Chrysomela (=Melasoma) populi is one of the most serious pests on poplar plantations. In the present study, a microsporidian pathogen, Nosema melasomae infecting Crysomela populi is re-recorded from a new geographical locality and its spore ultrastructure is given for the first time.
Larvae and adults of C. populi were dissected in Ringer’s solution and prepared wet smears were examined under a microscope. Detected fresh and stained spores were measured and photographed using an Olympus BX51 microscope with a DP-25 digital camera and a DP2-BSW Soft Imaging System. The ultrastructure of the pathogen was studied with a Philips EM 208 transmission electron microscope using standard preparation techniques as previously described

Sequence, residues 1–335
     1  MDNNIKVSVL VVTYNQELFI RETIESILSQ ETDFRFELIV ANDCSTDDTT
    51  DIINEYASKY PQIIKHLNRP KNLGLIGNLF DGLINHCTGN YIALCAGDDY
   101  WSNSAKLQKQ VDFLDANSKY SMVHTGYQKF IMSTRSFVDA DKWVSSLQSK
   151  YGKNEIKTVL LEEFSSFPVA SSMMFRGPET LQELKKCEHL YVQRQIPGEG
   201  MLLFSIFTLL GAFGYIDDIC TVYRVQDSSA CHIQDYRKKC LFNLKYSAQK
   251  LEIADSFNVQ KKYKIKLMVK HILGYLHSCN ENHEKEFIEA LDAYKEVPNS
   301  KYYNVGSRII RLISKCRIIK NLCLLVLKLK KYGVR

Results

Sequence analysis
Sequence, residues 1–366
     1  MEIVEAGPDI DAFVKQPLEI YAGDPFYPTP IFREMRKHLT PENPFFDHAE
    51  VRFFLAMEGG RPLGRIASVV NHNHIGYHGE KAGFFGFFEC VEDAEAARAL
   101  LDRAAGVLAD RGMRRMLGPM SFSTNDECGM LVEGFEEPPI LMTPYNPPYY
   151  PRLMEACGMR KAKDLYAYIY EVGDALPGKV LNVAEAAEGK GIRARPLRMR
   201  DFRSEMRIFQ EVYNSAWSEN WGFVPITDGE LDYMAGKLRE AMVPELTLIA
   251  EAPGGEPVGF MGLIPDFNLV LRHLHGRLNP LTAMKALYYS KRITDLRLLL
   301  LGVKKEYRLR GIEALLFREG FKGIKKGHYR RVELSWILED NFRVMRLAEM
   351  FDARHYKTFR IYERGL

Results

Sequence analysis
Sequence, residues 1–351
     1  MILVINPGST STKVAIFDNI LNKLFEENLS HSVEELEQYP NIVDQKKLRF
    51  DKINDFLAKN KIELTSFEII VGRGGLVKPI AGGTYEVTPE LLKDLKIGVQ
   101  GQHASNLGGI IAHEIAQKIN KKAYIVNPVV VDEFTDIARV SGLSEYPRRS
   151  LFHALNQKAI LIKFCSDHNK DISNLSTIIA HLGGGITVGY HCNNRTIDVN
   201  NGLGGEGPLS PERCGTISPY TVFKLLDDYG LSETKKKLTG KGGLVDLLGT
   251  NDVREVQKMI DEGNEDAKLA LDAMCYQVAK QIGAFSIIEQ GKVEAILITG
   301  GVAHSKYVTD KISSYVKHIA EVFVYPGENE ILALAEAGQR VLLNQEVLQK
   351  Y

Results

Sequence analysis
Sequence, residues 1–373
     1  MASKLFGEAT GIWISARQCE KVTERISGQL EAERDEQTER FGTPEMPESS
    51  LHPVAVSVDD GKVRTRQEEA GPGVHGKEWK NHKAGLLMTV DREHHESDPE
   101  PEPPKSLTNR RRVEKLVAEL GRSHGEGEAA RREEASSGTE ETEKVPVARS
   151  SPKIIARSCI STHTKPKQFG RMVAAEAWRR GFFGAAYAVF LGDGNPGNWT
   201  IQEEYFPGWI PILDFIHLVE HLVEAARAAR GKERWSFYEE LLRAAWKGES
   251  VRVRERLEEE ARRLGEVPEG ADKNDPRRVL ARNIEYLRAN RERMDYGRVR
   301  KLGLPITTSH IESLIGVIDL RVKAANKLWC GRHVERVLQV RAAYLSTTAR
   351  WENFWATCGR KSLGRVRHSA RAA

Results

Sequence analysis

Fresh spores of the microsporidian pathogen are elongate, 4.86 ± 0.71 μm in length and 1.64 ± 0.19 μm in width. The spore wall is considerable thin, measured 60 to 100 nm and consists of a clear endospore (40 to 80 nm) and an electron-dense, uniform exospore (15 to 30 nm). The polar filament is isofilar and has only 6–8 coils. Nuclei in the cell are 400–560 nm in diameter. The polaroplast has a thin lamellated structure.